Stay ahead of the curve with social media, online and mobile tools, Pt. 2Article added by Todd Greider on February 8, 2013
San Diego, CA
Joined: June 04, 2009
Ranked: #410 (198 pts)
In the first half of this article, we touched upon content organizational tools to help you stay organized both in your office and
on-the-go. Now that you have your online and mobile content organized, where do you go from here?
Let me preface my next comment with this statement: Change happens. Most of us are already aware that the mobile and online space is changing more rapidly than ever before. Tools and apps available today may not be here tomorrow. In addition, how we use social media and online resources will continue to change and evolve. At first glance, you may be thinking that social media and online resources may be nothing more than people sharing what they ate for dinner and what shops or restaurants they visit often. I assure you that nothing is as
it seems. Never in history has there been a time where so much information is available to us and with the
advancement of mobile devices (phones, tablets, laptops, etc.), it is literally at our fingertips.
I personally feel that in order to get to the top of your profession and be competitive, you must educate yourself and focus on personal
development. Above all else, you must listen to the needs of your target audience and provide value-added solutions that
meet their needs. Below is a list of tools I use to research, listen to, and engage my target audience (financial
advisors who do comprehensive financial planning), as well as research current trends in the financial services industry.
Flipboard: Perhaps one of my favorite tools for online articles, it is according to them “The World’s 1st Social Magazine.” It is completely customizable. I have been able to add many of my favorite news sources and social accounts, creating a mobile resource
catered specifically to my learning needs. I have the information when and where I need it. It also integrates with Pocket (as mentioned
in part one of this article) to store content I do not have time to read now, but would like to read in the future. With this tool, I can efficiently remain up-to-date on content of interest to me.
Listening and engagement
Zite:This is another useful and customizable social magazine that “understands what you like and gets smarter as you use it.” This app also integrates Pocket to seamlessly compile all your mobile content, allowing for easy sharing once you have read the article. By using this app, you are able to leverage this platform as well to research industry news and trends.
This, in my opinion, is where the real learning experience begins. For the most part, my audience is located on three main platforms.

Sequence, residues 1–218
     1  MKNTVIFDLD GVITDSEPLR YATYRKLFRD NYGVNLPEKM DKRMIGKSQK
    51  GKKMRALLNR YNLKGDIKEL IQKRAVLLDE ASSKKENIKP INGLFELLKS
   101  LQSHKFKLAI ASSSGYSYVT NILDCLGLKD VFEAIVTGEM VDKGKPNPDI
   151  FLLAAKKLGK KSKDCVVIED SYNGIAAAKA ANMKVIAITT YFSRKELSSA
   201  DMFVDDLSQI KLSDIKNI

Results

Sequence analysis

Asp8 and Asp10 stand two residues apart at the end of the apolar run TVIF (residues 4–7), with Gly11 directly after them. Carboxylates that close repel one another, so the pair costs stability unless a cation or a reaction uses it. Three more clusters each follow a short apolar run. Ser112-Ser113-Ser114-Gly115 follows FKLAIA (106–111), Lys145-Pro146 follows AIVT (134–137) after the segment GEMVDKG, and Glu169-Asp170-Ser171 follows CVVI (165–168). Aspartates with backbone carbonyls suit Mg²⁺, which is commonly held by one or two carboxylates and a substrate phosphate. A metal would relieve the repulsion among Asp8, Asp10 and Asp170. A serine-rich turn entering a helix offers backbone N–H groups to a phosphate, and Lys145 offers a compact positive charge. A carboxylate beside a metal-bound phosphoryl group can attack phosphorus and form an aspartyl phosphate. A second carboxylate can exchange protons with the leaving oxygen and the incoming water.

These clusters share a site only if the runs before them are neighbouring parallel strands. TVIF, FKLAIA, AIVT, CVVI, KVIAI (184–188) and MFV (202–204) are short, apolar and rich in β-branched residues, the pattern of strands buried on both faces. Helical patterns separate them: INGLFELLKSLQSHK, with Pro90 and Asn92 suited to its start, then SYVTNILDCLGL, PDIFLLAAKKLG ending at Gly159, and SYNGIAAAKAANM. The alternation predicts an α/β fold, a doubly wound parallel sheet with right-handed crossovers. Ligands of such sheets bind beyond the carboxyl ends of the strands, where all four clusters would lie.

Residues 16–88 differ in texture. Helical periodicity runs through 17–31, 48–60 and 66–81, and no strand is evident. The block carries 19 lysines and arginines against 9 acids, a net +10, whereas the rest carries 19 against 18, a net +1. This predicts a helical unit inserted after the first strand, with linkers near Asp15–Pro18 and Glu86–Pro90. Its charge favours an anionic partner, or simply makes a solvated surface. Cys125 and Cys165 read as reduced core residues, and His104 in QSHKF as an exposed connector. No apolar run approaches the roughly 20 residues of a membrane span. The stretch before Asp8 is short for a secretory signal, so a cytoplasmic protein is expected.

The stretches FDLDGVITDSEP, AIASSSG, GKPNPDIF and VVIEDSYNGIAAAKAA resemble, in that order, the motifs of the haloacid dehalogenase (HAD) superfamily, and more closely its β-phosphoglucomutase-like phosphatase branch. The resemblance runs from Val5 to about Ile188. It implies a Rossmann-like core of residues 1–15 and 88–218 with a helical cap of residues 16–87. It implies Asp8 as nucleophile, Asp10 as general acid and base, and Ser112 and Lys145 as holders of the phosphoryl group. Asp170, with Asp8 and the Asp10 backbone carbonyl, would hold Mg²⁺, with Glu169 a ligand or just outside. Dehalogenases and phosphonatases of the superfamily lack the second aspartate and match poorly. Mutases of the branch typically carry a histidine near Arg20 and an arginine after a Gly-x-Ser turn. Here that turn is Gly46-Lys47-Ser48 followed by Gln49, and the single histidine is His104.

I encourage you to share what tools you may be using and the experiences that you have had with online and mobile tools. I am encouraged by the progression of tools and wealth of information available, and I fully intend to seize the opportunities. Will you do the same?
Twitter: This platform has proved invaluable to me. Over the past few years, I have learned so much from the advisors, consultants and experts in the financial services industry. I have established relationships that have moved beyond the online and mobile world and resulted in live meetings and conversations. For those who are hesitant to jump on Twitter, I assure you this platform is more than celebrities and people sharing what they ate for lunch. For example, FINRA has several profiles to inform advisors and the public (@FINRA_News, @FINRA_Education, and @FINRA_Investor), in addition to the Social Security Administration (@SocialSecurity) just to name a few. This is a great listening tool to see what people are talking about regarding topics important to you and in my opinion, it’s an educator’s dream
LinkedIn: LinkedIn serves as a phenomenal tool to connect with clients and colleagues, share ideas, participate in focus groups, and learn more about people of interest to you. There are countless industry groups to join, professional associations, topic groups, and other features to leverage. For example, you can find the FPA and CFPBoard groups and associations with thriving communities in which to participate. You can simply watch discussions going on and learn from them or dive into the conversations and share your knowledge and expertise. If you are a working professional, you should without a doubt have a presence on LinkedIn. This platform now has over 200 million users.
Google+: This platform is a developmental area for me. I am beginning to learn more about it every day and like what
I am learning. The recent addition of “communities” has significantly enhanced the learning and listening experience
for me. If you are bold, you can even create your own community and lead the conversation. This will be a focus for me in 2013. Will you join in the conversation?
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